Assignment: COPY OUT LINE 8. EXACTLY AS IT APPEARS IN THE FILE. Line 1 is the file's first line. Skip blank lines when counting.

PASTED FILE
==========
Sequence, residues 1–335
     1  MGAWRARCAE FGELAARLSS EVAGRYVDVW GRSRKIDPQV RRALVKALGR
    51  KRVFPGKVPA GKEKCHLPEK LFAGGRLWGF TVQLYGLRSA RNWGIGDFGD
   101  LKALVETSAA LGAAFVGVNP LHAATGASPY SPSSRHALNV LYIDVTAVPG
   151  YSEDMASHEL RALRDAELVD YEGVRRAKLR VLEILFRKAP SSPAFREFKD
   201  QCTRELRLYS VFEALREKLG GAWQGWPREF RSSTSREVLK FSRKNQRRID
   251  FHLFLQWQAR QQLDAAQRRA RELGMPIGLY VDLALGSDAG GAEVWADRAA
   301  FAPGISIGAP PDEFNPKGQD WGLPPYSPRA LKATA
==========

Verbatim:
   301  FAPGISIGAP PDEFNPKGQD WGLPPYSPRA LKATA